Chronologically the mosaics are as following: 1242: Alexander Nevsky after the Battle on the Ice. 1380: Dmitry Donskoy after the Battle of Kulikovo. 1612: Kuzma Minin and Dmitry Pozharsky after the end of the Time of Troubles. 1799: Alexander Suvorov after the Crossing of the Alps. 1812: Mikhail Kutuzov after the Battle of Borodino. 1945: The original mosaic here was of Red Army troops on Red Square receiving the Guards banner from Soviet army command, yet because it contained images of some commanders whose careers and legacy would be re-evaluated most of the mosaic was replaced with that of Vladimir Lenin addressing a meeting in Red Square, thus moving the date of the artwork to a period between 1917 and 1922. 1945: Soviet Troops on the Reichstag building after the Battle of Berlin. 1945: The original image was of a Victory parade with Soviet soldiers throwing captured Nazi banners in front of Lenin's mausoleum. However, for the same reason as the sixth image, this image would hold the record for retouchings.
First when Lavrenty Beria was arrested in 1953, his glasses were erased and the whole figure was removed. In 1957, after the political crisis saw the end of the careers of Vyacheslav Molotov and Lazar Kaganovich, their images followed suit. After 1961 brought the end of Stalin's personality cult, in early 1963 the whole panel was taken down and Korin re-designed it by placing a maiden standing on the Nazi banners in front of the same mausoleum, holding a hammer and sickle in one hand and a palm branch in the other; this final one alone is made of more than 300 thousand mosaic tiles and takes up 31.5 square metres and weighs more than three tonnes. However the artistic decoration does not stop there, for in between each of the mosaics there are further ones made of gilded smalt depicting various weaponry and armour: one set is focused on ancient Russian equipment, a second on the Napoleonic era, the third on World War II. At the end of the platform is a bust of Vladimir Lenin under an arch decorated with gilt floral designs and the Coat of arms of the Soviet Union.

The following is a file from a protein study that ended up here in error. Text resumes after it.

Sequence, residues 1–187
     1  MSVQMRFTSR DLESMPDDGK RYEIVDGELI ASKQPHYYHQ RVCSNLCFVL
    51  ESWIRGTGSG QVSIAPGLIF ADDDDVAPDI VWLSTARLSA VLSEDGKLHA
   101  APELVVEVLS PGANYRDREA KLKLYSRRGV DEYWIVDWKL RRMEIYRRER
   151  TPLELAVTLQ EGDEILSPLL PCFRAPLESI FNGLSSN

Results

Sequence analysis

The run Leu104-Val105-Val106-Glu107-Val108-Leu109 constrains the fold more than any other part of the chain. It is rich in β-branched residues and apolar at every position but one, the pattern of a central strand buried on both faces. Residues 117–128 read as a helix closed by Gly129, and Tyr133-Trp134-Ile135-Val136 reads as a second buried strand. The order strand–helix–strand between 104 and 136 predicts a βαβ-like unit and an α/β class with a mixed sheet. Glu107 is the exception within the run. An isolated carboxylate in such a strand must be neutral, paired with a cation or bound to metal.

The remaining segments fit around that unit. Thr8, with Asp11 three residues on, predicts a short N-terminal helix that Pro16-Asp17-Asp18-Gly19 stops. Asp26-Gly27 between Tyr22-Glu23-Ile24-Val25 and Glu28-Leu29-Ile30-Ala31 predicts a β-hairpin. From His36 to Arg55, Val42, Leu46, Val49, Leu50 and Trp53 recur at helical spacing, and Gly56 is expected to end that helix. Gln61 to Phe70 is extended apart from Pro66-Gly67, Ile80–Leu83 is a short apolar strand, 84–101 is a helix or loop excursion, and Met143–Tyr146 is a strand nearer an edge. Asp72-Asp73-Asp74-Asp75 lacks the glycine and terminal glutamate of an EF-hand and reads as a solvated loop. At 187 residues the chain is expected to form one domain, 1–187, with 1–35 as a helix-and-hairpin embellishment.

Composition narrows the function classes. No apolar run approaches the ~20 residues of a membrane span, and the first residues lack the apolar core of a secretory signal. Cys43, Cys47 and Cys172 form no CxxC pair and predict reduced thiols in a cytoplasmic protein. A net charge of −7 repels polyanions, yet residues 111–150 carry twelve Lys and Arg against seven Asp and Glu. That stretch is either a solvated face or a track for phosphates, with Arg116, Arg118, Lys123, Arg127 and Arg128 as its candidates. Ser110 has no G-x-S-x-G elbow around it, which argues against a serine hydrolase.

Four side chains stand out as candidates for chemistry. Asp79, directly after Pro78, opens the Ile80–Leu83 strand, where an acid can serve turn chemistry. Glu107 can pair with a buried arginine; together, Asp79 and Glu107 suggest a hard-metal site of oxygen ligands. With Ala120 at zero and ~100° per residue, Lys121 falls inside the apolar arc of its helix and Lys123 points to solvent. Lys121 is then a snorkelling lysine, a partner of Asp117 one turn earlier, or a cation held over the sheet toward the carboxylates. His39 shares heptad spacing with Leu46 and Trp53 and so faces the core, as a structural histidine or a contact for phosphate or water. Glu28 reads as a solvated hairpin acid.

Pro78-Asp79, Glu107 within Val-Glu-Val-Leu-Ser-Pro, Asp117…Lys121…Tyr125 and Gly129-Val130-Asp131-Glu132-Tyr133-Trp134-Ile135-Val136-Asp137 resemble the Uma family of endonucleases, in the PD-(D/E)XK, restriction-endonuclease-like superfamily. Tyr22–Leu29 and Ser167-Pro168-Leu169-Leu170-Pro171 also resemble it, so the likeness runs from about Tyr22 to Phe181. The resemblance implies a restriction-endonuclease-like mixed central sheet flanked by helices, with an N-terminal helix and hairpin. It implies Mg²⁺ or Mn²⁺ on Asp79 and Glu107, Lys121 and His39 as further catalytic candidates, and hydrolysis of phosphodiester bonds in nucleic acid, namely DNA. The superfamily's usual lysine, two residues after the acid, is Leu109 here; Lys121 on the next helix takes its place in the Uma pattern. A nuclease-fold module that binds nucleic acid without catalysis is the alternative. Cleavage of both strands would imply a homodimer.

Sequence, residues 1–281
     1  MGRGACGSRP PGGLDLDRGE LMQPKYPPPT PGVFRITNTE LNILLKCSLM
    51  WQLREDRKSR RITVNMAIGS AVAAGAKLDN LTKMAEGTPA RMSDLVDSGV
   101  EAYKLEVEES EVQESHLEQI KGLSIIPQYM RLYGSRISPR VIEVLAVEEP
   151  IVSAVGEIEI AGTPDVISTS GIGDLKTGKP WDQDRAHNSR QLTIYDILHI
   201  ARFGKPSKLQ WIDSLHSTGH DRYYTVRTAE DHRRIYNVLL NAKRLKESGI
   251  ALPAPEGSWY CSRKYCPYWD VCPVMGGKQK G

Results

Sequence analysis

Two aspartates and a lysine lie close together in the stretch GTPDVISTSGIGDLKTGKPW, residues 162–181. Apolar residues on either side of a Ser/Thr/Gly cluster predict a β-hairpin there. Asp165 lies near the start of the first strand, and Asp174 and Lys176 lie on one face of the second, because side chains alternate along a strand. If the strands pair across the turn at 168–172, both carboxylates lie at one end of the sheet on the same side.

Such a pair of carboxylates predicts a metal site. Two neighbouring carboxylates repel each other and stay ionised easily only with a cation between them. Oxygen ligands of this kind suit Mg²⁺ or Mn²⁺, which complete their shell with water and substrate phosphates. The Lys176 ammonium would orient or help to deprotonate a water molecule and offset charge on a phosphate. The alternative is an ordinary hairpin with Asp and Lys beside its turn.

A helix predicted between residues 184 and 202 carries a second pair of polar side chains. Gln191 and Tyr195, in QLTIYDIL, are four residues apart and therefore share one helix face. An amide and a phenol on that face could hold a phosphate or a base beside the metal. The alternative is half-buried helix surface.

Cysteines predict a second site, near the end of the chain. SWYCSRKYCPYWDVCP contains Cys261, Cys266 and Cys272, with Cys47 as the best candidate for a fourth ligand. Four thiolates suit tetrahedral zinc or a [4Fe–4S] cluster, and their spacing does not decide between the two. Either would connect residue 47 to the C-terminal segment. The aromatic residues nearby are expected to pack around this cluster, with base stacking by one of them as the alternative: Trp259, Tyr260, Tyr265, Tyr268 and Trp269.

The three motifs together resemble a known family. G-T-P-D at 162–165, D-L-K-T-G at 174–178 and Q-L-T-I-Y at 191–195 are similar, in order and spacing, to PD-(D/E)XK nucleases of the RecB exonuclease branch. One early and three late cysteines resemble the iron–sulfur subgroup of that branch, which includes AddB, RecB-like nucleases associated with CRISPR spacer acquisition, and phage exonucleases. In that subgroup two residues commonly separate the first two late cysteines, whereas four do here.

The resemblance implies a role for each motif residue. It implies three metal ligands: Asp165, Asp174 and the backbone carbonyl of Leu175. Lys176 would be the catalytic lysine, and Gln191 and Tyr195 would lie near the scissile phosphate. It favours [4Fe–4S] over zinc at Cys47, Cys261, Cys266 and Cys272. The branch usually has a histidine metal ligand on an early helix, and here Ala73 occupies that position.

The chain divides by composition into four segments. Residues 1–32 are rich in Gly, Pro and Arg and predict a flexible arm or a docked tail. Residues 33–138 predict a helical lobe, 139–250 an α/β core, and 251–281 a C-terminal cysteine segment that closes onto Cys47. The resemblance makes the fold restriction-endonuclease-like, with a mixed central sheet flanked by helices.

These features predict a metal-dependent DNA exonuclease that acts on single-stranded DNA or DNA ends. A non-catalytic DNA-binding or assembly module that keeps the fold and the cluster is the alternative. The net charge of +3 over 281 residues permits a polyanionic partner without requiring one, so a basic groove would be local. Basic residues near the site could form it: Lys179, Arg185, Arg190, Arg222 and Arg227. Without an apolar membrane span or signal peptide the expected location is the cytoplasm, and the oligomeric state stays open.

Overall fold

In the centre of the red granite covered platform are two passageways, surrounded by marble balustrades with escalators that descend into a lobby with a main escalator tunnel upward
Frunzenskaya (Moscow Metro)
Frunzenskaya is a Metro station on the Sokolnicheskaya Line in Moscow, Russia. The station was opened on 1 May 1957 as the first stage of the extension of the Frunzenskiy radius; as the radius follows the bend of the Moskva river, the whole segment had to be built deep. The station closed on 2 January 2016 for renovation, expected to last 14 months; the renovations were completed ahead of schedule with the station reopening on December 29, 2016. The renovations included the installation of four new escalators to replace the three, in place. Metro authorities projected that the new escalators would reduce energy consumption by 40% and increase the capacity by one-third; the station is symbolic as being one of the last in Moscow to be built in Stalinist style which dominated the Metro Architecture since the mid-1940s, afterwards the station designs show evidence of more vivid decorations that were meant to be installed yet designs were simplified. Frunzenskaya still stands out and architects Robert Pogrebnoi and Yuriy Zenkivich applied a pylon design with cream marbled vaults and tops of pylons, decorated with metallic shields containing a five-sided star.
The bottom of Pylons are a form of a thicker red marble base. Suspended from the ceiling are massive eight-horned chandeliers; the floor is covered with black and red granite on floors and the walls are faced with white ceramic tiles. In the far end of the station, in front of a red-marbled semicircle is a bust to Mikhail Frunze, a famous military commander in the Russian Civil War for whom the station is named; the station's massive vestibule is situated on the Komsomolskiy Avenue and Kholzunov side-street was demolished and built into the Moscow's Palace of Youth building in the 1984, presently receives a daily passenger traffic of 47,410. Behind the station is a junction for a branch to the Koltsevaya Line used for transfers
Lokomotiv (Moscow Central Circle)
Lokomotiv is a passenger station on the Moscow Central Circle of the Moscow Metro that opened in September 2016. The station, to be named Cherkizovo, reflecting the name of a village on the site, was named Lokomotiv for the soccer team that plays its home games nearby. Lokomotiv offers out-of-station transfers to Cherkizovskaya on the Sokolnicheskaya Line. Mkzd.ru